You graduated?


Yes, sir. In 2016, Cum Laude. Three point five cumulative GPA, I was excited, I had to FIGHT FOR that one.

TR in Conversation with Envizion

Salute! Nice!


Yes, Sir!


Envizion has no regrets on the choices he’s made.


I feel like I made the right choice by going to school first, because I grew a lot and I met a lot of people that I still have to this day.

I wouldn’t have been able to come in contact with a guy named Jeff Gittens. He was the assistive technologist for the disability support services. He actually passed away a couple of years ago.
I wouldn’t have had the opportunity to meet him. It was a lot that I went through that I needed to go through.

It may not have all been perfect, but you know, the hardships that will really make you


Young Mr. Woods had the chance to share some of that knowledge with others also experiencing blindness.


I went to blind industries and services of Maryland, which is a company that helps blind people just get reintegrated back into society as far as independence is concerned. SO, I moved to downtown Baltimore.

I got through the program learning how to travel through the city, by bus or Uber or Mark train or light rail. They call it the trolley. I finished the program, but I did great.

after I successfully completed my training program, I got really close with one of the managers there, named Melissa Lomax. And she was the youth coordinator. And she would tell me all the time, yeah, I work with these students. And I tell them a lot about you. They can’t wait to meet you. Would you like to work on one of our workshops one weekend?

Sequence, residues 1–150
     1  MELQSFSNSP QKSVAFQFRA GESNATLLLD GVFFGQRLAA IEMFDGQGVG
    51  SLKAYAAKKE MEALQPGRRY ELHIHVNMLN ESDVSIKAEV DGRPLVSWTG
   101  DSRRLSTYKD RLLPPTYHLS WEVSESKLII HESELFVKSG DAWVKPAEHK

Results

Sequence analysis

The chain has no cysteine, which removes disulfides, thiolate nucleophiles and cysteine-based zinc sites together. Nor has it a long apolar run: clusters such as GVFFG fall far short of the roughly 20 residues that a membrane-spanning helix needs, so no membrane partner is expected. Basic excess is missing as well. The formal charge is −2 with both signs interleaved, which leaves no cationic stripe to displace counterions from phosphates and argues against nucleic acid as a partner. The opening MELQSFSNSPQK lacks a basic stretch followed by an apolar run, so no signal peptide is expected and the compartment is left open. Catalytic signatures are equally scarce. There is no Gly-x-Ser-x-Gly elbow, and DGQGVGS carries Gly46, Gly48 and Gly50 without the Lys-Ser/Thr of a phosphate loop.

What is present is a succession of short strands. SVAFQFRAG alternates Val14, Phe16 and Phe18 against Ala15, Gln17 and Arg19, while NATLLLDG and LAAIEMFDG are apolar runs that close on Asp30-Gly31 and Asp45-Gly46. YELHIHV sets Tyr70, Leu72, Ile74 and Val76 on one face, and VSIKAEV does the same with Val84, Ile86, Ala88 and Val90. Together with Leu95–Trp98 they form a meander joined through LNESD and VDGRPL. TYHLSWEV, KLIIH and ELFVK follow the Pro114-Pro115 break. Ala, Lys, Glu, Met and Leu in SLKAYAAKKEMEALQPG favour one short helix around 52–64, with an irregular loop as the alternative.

He said yes! And that weekend, turned into a month.

I went to the workshop and basically explained to them what it was that I’ve done and how I made it through the program, what I like, like fashion and how I like music. And those kids, they gravitated towards me.

I had two students that live with me in a dorm or it was like an apartment. I taught them how to cook, safety techniques. And there’s a lot that we went through and they kind of like little brothers to me.


And then, there are other ways to influence people.
— Music ends…


My goal is to inspire people. My goal is to bring back meaning to music.
People used to make music and a music video will be so telling. Or when you heard music, you could create your own visual, like, while you’re listening.


As a drummer and percussionist, the lyrical writing process for Envizion all stems from the same place.


It’s a feeling. I hear the beat. I just get inspired by whatever it is the beat gives. A good beat a lot of times it’ll produce a melody. And that melody will come with the words like you know, the energy of the song.

TR in Conversation with Envizion: 53:24
how prevalent is blindness within your music?


I featured in this song called “Money on the Line. (Laughs…) And I said a little cleveer thing now… I have this tag where I say (singing…) I don’t see nobody.

I don’t know why. I mean, its trueI’m Blind you know what I’m saying? It’s me.
(TR laughing…)


But we know it’s also a play on words.


It’s a hater blocking term. Yeah, really. I’m blind. It’s all of that. And when you’re on your way to the top two, you don’t want to be focused on everybody.


There’s all types of distractions.


(Singing…)”Girls on my line. I said I’m not wasting a dime. She said boo, can’t you see I love you? No baby. I’m blind.”


We’re so used to NON-BLIND people using blindness as a metaphor in ways that conjur negative feelings

Envizion is using the term to empower. Saying I’m not paying attention to anyone trying to take me off my path. In fact, being Blind to you meaning, empowering myself.